May 18, 2013 1:53:52 PM
Some states in the northeast have been invaded by cicadas this month. After a 17-year slumber, they made their unwelcome appearance, and will remain until late May (CBS, New York, April 3, 2013).
We are all too familiar with this creepy, locust-like insect. They look like something out of the Jurassic Period, primitive and ominous. Almost everyone in the Golden Triangle has heard the mating call, which has been measured at 100 decibels, similar to the noise created by a subway train (CBS, April 3, 2013).
And, yes, they can sting. Although rare, they can mistake a human for a tree, and pierce the skin with their long proboscis, mining for sap.
I am fascinated that these tiny monsters can remain burrowed in the ground for 13 to 17 years between emergences. They are right under our feet, and we are unaware that they are there.
Even more disturbing was the news about three women who escaped from 10 years of torture and imprisonment. They, too, were so very close to others.
Ariel Castro is accused of kidnapping Amanda Berry, Gina DeJesus and Michelle Knight. They were held in Castro's home, in the very same neighborhood where they lived, and from where they were abducted. It seems that no one knew they were there.
Castro's two brothers, Pedro and Onil (who were initially taken into custody, but later released), even visited in the home. They are now calling their brother a "monster" and say if they had known what was happening, they would have reported it to police (ABC News, May 13, 2013).
My column today is not about what happened, but about how it went unnoticed for so very long.
I suppose we all think that if this had taken place in our neighborhood, we would have been aware of it, and acted. However, Castro's own brothers claim to have had no clue about his crimes.
I wonder, too, about the man himself. How was he able to keep such a horrendous secret for 10 years? Evidently, he barbecued with the neighbors, played in a band and drove a bus for the Cleveland Metropolitan School District. Castro lived a relatively mundane existence on the surface, while maintaining a Marquis de Sade secret life.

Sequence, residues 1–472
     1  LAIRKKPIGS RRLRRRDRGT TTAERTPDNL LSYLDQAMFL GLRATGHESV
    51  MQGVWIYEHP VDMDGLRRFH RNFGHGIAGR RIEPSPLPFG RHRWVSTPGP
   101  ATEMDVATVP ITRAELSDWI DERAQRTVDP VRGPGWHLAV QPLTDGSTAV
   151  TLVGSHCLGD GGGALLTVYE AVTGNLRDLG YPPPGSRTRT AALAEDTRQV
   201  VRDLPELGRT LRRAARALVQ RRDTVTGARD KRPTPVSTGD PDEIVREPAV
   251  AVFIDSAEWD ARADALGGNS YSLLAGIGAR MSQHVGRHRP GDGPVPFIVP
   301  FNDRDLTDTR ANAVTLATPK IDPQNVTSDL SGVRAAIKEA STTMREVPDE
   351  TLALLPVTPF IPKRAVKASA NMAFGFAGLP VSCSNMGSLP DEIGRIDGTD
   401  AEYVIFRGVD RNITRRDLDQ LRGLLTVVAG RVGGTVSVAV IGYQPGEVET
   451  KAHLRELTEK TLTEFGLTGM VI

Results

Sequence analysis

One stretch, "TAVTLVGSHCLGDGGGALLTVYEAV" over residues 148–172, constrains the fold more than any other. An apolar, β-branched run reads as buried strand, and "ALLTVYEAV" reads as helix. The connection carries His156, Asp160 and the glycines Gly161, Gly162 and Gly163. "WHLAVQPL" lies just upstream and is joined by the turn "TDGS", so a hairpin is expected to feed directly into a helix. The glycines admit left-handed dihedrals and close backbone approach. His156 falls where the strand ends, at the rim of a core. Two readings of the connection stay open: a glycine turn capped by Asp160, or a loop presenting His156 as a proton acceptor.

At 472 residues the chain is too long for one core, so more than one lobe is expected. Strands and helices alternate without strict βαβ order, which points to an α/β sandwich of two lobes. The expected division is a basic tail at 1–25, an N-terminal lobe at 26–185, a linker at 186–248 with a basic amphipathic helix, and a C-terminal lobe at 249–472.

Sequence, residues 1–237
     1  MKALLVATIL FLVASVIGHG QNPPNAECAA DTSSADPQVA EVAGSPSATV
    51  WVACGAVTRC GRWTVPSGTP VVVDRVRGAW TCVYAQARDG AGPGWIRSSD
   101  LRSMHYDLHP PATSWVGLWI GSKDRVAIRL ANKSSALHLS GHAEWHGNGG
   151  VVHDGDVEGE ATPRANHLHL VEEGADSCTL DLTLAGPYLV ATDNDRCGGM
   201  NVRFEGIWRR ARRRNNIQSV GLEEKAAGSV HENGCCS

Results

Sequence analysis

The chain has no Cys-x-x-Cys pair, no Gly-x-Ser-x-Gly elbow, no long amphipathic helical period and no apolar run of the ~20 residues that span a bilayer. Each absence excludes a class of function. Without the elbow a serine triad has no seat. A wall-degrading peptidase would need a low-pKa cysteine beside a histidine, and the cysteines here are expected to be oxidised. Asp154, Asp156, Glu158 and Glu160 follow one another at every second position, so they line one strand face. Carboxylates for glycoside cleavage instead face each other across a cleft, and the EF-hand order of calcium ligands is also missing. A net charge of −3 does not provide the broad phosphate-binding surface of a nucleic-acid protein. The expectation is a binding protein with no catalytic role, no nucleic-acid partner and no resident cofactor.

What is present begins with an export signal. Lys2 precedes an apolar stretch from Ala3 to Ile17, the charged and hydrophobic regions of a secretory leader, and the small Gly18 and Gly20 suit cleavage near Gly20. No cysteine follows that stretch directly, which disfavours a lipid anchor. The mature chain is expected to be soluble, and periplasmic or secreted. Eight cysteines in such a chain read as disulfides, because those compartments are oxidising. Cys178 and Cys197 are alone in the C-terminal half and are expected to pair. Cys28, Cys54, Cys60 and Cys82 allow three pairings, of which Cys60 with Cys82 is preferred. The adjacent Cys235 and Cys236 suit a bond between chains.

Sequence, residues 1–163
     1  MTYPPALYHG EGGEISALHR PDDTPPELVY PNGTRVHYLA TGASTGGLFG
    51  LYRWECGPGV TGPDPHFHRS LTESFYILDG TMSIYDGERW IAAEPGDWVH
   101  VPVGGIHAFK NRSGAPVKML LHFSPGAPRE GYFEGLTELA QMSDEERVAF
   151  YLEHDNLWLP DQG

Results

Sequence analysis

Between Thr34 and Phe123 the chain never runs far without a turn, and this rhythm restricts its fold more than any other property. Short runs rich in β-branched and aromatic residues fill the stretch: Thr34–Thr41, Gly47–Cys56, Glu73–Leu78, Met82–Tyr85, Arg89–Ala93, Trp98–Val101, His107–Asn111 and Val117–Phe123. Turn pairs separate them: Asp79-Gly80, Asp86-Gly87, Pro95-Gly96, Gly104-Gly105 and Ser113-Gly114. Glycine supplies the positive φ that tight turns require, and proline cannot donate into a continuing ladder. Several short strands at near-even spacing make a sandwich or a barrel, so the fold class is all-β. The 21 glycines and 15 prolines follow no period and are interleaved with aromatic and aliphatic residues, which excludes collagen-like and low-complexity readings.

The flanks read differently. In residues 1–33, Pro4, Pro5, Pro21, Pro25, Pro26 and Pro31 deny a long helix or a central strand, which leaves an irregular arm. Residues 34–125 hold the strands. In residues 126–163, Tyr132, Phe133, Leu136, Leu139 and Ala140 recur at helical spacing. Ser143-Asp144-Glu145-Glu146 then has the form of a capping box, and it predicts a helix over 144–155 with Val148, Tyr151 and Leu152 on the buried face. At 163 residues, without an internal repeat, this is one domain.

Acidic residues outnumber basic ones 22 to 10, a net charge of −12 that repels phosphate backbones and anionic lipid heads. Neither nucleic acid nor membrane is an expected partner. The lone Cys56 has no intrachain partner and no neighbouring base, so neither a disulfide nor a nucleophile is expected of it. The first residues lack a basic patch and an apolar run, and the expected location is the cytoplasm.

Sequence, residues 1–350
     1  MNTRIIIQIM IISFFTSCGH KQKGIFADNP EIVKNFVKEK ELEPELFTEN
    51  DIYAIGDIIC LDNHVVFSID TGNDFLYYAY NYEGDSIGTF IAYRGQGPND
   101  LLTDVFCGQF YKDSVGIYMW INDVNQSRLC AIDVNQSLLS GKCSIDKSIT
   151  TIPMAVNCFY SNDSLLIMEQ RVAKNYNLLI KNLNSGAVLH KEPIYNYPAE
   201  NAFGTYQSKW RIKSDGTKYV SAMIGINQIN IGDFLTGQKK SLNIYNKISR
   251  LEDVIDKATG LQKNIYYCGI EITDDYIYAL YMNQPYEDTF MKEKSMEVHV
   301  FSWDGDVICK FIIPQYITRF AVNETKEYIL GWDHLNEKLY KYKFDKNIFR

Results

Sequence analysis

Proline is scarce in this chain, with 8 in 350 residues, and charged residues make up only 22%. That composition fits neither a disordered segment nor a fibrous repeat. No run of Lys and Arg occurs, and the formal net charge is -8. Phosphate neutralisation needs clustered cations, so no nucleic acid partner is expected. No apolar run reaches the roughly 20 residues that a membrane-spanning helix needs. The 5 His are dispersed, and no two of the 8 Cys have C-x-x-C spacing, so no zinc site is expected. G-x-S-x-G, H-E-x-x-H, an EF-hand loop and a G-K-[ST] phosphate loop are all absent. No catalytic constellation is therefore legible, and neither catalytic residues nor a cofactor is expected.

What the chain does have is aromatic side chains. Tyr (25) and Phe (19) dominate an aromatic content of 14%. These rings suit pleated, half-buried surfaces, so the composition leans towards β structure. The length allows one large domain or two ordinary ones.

In many ways, this story is much like the kidnapping of Jaycee Lee Dugard. She, too, was held hostage by her captors, almost in plain sight, in their back yard. Phillip Garrido and his wife, Nancy Garrido, kept Jaycee and her two children (born in captivity) for 18 years.
In both cases, the missing girls were embarrassingly accessible. There were lengthy searches for them. They were not forgotten. Still, their captors had little trouble concealing them. They were so close to neighbors that it is hard not to wonder if the kidnappers wanted to be caught. After so very many years, did they tire of the charade? Did they ever wish that it were just all over?
We probably have trouble imagining what the criminals were thinking. We may not want to know what physical horrors the victims endured and how they suffered emotionally. But we can all identify with the neighbors. How terrible they must feel.
My message today is to say that we all need to pay attention. Sometimes, the politically correct attitude of minding our own business may mean that we ignore the wrong things. Our world is a scary place. Horrible creatures lie dormant beneath out feet. Fiends in unremarkable clothing may live next door. Maybe our lesson is to make some waves, even if it means standing up to authority, even if it means being a bit foolish. Lives could depend on it.
Adele Elliott, a New Orleans native, moved to Columbus after Hurricane Katrina.
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